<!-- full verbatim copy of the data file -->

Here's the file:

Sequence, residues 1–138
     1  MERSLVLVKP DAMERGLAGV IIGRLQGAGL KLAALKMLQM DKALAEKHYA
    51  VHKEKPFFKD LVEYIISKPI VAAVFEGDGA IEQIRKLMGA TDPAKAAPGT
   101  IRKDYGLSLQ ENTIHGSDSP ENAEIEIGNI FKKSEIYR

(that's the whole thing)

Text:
Sequence, residues 1–138
     1  MERSLVLVKP DAMERGLAGV IIGRLQGAGL KLAALKMLQM DKALAEKHYA
    51  VHKEKPFFKD LVEYIISKPI VAAVFEGDGA IEQIRKLMGA TDPAKAAPGT
   101  IRKDYGLSLQ ENTIHGSDSP ENAEIEIGNI FKKSEIYR